Good advice from If you're going to be in school, hit it hard and apply yourself at it, manage your time well, keep up with your work, and you'll be able to play "enough" and still get good grades, learn lots, and get into a good grad program if that's what you want. Doing school half ass will have a lot more lasting impact than missing out on some fun and committing fully to school while you're there.

You can get a great education at Mines and you can also be a slacker and do just enough to get by just like anywhere. If you are thirsty for it, you can get a great education just about anywhere if you really want it enough and aren't afraid to go talk to and work with those old guys called professors.

Nothing in the world is more yielding and gentle than water. Yet it has no equal for conquering the resistant and tough. The flexible can overcome the unbending; the soft can overcome the hard. - Lao Tse
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Old 12-14-2014   #4
cedar city, Utah
Join Date: Mar 2008
Posts: 1,932
Stay in state your first 2 years and work mostly towards your GEs for an associates degree. If during that time you find exactly what you want to major in and are motivated and disciplined....Great, plow forward. If not, you have an Associates and can take a gap year or two if you are largely motivated by recreational pursuits. With an associates you can transfer to most universities and focus on your major requirements. Some colleges actually reward transfer students with scholarships if they have some non-academic life experience.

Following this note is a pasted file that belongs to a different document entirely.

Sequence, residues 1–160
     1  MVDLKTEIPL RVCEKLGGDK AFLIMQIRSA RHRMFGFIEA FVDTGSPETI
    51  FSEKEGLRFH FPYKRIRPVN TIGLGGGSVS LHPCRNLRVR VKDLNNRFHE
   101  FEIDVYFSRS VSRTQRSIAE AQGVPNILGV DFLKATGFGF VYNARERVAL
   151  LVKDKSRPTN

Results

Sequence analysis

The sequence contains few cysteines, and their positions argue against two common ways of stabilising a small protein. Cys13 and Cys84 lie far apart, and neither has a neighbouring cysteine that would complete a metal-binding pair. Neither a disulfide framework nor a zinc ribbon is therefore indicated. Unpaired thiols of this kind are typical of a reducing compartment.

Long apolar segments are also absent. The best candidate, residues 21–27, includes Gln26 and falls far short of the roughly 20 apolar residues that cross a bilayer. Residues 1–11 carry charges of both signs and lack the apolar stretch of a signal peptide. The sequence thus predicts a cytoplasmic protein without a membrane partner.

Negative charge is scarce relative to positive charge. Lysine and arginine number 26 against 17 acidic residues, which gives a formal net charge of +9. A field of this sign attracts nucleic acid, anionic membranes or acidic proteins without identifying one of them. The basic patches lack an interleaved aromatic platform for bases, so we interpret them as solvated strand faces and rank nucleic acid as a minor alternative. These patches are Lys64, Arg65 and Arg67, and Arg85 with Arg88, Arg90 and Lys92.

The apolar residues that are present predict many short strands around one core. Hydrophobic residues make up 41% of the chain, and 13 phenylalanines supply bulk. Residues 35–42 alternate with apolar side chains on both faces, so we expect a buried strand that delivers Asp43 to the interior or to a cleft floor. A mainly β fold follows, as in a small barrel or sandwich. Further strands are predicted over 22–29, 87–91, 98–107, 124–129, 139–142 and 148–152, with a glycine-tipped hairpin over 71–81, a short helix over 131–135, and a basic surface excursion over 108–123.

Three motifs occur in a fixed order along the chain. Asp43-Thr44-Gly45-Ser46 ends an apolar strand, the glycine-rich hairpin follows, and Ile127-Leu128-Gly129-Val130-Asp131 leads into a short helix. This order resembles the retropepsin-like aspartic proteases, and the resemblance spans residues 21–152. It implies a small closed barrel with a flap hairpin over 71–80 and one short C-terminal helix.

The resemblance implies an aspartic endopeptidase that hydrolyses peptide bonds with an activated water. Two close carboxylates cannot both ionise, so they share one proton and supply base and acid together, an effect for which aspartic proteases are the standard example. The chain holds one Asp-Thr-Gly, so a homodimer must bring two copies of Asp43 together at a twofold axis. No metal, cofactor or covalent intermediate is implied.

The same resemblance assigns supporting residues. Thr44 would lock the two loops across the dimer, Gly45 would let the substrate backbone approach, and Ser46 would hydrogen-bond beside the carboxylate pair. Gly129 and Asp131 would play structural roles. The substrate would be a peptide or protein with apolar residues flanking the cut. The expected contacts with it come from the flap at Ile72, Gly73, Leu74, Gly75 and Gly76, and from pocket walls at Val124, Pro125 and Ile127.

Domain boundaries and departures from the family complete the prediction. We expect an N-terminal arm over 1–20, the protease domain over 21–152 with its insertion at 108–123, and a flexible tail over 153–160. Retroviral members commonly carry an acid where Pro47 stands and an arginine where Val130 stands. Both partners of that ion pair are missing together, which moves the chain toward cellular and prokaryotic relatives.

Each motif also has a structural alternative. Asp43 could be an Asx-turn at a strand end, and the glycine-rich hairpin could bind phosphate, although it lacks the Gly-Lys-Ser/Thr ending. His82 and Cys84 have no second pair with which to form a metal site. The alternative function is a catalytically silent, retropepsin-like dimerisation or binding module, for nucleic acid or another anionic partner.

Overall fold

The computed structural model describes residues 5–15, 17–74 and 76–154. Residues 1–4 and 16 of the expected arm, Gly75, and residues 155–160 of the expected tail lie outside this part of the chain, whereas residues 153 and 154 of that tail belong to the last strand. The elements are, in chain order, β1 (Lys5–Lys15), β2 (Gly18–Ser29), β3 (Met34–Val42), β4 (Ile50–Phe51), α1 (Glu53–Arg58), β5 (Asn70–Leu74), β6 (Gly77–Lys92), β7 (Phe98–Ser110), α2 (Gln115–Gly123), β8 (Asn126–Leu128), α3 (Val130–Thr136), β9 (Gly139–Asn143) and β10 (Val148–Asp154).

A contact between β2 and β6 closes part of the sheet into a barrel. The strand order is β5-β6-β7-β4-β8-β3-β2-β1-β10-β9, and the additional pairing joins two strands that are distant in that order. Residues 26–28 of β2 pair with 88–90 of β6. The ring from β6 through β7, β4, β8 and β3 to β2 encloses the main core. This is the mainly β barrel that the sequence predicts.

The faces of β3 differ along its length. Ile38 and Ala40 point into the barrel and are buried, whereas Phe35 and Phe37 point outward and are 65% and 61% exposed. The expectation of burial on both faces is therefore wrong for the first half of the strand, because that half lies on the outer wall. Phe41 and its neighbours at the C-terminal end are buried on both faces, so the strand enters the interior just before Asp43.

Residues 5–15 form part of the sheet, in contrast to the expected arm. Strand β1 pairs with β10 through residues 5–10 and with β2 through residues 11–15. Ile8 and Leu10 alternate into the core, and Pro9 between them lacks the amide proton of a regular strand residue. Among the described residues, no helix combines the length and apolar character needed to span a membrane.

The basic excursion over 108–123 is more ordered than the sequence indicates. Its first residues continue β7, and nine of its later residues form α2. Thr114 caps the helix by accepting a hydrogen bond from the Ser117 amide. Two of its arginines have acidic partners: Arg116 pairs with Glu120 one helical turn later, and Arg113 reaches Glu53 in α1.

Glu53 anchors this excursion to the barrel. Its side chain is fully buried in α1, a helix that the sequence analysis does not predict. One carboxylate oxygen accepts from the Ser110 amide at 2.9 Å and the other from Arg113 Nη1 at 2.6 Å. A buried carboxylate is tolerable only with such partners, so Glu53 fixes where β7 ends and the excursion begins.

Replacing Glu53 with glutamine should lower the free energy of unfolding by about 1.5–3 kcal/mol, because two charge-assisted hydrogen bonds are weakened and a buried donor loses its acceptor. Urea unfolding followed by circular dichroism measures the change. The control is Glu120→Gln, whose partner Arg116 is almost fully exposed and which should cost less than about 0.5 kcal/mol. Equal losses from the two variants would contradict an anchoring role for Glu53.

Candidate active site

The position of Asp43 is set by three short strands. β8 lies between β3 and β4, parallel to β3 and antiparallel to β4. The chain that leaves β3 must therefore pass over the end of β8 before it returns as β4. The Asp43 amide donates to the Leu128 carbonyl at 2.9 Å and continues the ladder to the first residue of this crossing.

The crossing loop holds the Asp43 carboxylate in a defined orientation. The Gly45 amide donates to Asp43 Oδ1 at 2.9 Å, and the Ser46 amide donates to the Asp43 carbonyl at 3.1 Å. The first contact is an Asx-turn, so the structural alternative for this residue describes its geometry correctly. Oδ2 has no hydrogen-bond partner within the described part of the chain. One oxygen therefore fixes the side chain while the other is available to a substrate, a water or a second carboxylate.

Many students change majors a few times so focusing on Gen Eds is a good way to get required credit and explore options in the relevant departments; most degrees require the intro classes that often count as GEs anyways. Chemistry and Biology are rather intensive degree fields to invest in so getting your feet wet early is a way to explore your commitment and interest.

If you do take gap years realize you will likely be paying for education on your own, unless you have extremely lenient parents. But some people need that time (I needed 8 years) before they are ready to commit to a degree and its growing costs. On the other hand, if you are motivated and committed getting a degree sooner than later pays off in economic dividends (like hundred or hundreds of thousands more lifetime earning potential). All depends are where you are in life personally.

I dropped out my first go round after my scholarships expired. While it was emotionally right for myself if I had paid more attention and just gotten my Associates I could have saved myself $20k+ when I went back to get a degree in my mid-twenties. I only needed a handful more credits to get there but I didn't. Live and learn.